In fact, the Supreme Court of the government led by Kim Jong-il has not changed its penal law: instead it has published - giving it the force of law - an "addendum" that provides "new additional penalties for crimes already punishable under the normal code”. For example, the smuggling or counterfeiting of currency, which until last year was punished with a prison sentence of ten years, now leads directly to the scaffold. The Addendum dates back to 2007, but its existence was made public only in recent days.
This is because, say the dissidents, the government was not convinced of the need to enact it. After the famine last year, and especially after the halt to international humanitarian aid after Pyongyang's nuclear test, there has been a dramatic increase in crimes committed in the territory. Statistics, says an interlocutor, anonymous for security reasons, "speak of an increase of 40%, but do not take into account the fact that now stealing even a bowl of rice is considered a serious crime."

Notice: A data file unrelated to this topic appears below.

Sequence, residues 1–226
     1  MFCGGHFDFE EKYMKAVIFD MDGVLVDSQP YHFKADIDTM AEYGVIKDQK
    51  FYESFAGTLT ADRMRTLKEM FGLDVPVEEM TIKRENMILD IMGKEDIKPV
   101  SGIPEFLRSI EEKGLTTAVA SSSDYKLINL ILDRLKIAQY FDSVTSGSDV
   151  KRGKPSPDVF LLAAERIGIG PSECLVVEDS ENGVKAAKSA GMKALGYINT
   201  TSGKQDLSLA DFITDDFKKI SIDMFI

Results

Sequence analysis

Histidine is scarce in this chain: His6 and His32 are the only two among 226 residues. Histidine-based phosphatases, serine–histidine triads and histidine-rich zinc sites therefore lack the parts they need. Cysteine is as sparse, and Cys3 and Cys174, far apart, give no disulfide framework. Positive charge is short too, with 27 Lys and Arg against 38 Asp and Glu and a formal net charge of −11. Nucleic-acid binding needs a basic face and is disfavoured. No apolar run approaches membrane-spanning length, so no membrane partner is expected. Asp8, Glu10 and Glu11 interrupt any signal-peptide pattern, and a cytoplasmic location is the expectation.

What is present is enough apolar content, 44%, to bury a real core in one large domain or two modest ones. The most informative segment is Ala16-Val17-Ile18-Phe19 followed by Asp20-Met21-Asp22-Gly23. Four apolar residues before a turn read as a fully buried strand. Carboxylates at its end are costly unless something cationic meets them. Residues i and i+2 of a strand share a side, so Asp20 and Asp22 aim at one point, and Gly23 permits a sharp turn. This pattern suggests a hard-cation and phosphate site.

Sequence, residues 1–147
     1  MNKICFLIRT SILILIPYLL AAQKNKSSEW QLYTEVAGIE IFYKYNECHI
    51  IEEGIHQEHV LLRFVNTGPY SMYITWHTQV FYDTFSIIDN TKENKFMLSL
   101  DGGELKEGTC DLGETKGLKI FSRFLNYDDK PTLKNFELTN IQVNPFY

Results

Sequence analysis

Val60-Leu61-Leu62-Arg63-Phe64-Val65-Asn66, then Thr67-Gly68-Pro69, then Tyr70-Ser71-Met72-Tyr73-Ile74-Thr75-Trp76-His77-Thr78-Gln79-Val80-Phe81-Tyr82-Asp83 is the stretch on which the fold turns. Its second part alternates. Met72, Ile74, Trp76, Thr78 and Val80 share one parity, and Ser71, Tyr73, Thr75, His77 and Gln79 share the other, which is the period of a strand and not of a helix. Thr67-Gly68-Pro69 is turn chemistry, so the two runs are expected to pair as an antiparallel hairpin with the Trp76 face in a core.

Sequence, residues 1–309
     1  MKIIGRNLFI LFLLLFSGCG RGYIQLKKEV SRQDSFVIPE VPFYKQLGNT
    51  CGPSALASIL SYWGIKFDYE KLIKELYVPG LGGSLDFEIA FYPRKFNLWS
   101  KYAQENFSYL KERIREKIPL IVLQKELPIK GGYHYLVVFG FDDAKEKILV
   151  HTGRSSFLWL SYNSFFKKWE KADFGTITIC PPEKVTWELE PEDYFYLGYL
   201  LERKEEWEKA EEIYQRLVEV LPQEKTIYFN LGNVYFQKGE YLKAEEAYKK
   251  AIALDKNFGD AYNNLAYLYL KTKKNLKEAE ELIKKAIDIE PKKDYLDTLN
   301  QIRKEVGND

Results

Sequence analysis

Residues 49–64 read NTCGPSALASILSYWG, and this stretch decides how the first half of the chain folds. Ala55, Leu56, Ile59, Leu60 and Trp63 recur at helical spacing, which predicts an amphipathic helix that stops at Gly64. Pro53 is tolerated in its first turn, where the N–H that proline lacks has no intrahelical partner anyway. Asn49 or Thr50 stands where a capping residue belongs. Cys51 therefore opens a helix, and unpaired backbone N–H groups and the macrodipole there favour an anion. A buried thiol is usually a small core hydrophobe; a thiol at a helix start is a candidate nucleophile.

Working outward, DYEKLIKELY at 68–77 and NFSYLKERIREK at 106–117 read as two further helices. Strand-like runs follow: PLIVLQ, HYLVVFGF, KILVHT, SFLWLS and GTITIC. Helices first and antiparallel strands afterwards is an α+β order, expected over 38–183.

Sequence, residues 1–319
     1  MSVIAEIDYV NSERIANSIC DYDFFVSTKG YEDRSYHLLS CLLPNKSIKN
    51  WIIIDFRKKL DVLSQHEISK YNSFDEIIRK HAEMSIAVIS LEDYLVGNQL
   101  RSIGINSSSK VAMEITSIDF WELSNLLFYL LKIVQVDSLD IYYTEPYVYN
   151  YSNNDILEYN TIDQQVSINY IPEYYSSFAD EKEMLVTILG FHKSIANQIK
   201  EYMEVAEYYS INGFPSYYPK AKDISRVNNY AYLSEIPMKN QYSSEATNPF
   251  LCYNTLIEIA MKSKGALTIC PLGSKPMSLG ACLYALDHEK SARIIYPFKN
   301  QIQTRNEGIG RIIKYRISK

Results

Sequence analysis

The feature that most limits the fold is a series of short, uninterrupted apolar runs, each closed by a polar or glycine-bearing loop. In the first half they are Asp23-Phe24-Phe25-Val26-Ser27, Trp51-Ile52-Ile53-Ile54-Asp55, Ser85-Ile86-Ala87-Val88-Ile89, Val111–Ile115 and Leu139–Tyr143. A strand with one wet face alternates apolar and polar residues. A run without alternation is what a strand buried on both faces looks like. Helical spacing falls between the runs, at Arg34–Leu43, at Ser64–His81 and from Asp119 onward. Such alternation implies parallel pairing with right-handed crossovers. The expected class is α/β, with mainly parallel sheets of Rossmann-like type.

In a further effort to discourage "crime", the North Korean government has decided to increase the number of public executions, to which the population is forced to assist by public security. Furthermore, the added penalties provide that - in case of flagrant offences - the death sentence "may be practiced without due process."
Professor Park Jung-won, of the South Korean Kookmin University, explains: "These changes are intended to preserve, through the law, the opportunity to punish not only the worst offenders but also ordinary ones. In this way, the North Korean authorities can also get rid of those who, until now, were ordinary citizens. Trials are no longer needed, its enough to point a finger at someone. "